zedosix
11-02-2011, 07:14 AM
Dvs likes it. I swear he's one of these 60 yr old guys that yells at his men in the day "hey tell me you didn't just answer my question with a question" .:) You need a vacation Andrew and maybe a beer or three.

zedosix
11-02-2011, 08:46 PM
Btw Andrew I don't like that red stripe beer. Gives me the sh#$^%

Moneypit
11-02-2011, 11:49 PM
My first thought was that it was built this way to save on material. They have far less buried block building it this way vs building it with a stepped base course.
They probably considered building on the same slope of the street to save on material but found that to be to hard for the base course level.
I just can't buy into the whole noise barrier theory.

JoeyDipetro
11-02-2011, 11:55 PM
It dosen't and I don't think anybody said it did in fact DOT studies state that vertical earth berms are a more effective noise barriers than vertical concrete walls of the same height by 3dB. In my first post where I first brought up a road noise barrier theory, that was my input as a possible explanation of a secondary reason the wall was constructed that way. This based on other designs of purpose built road noise barriers from hardscape I have seen. I am not claiming that is why the Wall is the way it is. But Street noise and highway noise are 2 different animals. The height of a purpose built noise barrier is determined by the grade height of the item you are trying to shield from the grade height of what is generating the noise. The offset of the panels from a noise barrier is determined by the direction the noise is coming from. I remember seeing a episode of the tv show this old house many years ago where they were building a noise barrier with dry stacked field stone, the architect explained in some detail different designs and types and methods of construction. The wall they built was not straight it was somewhat jagged and offset as it went along. The farther away the source of noise is from what you are shielding the taller the barrier has to be as the wavelength of sound increases over distance traveled. I do think though that we all can or most of us can agree.... the wall looks like Butt......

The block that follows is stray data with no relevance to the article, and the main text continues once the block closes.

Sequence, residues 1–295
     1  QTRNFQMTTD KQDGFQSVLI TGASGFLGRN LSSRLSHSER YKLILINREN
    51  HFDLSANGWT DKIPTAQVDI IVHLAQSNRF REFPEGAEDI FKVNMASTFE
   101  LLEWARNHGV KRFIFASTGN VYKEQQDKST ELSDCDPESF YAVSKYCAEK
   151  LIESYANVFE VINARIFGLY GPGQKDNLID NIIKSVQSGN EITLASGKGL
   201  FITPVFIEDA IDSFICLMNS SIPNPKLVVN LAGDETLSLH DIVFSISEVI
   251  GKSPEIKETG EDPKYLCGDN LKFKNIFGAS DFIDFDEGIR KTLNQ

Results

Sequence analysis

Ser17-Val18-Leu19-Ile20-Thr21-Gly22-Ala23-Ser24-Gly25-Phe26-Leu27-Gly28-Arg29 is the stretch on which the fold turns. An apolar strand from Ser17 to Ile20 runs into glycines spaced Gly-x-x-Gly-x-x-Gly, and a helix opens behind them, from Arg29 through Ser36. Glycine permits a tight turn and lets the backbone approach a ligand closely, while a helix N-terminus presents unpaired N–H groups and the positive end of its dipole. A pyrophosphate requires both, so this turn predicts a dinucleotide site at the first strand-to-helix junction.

Thanks. I thought that earth berms were more effective at absorbing the noise and I guess I was just thinking why would somebody pay to build something that is less effective at doing what they want it to do, if their primary motivation was a noise barrier.

As you said, it looks like butt, and it's not the way we should build walls.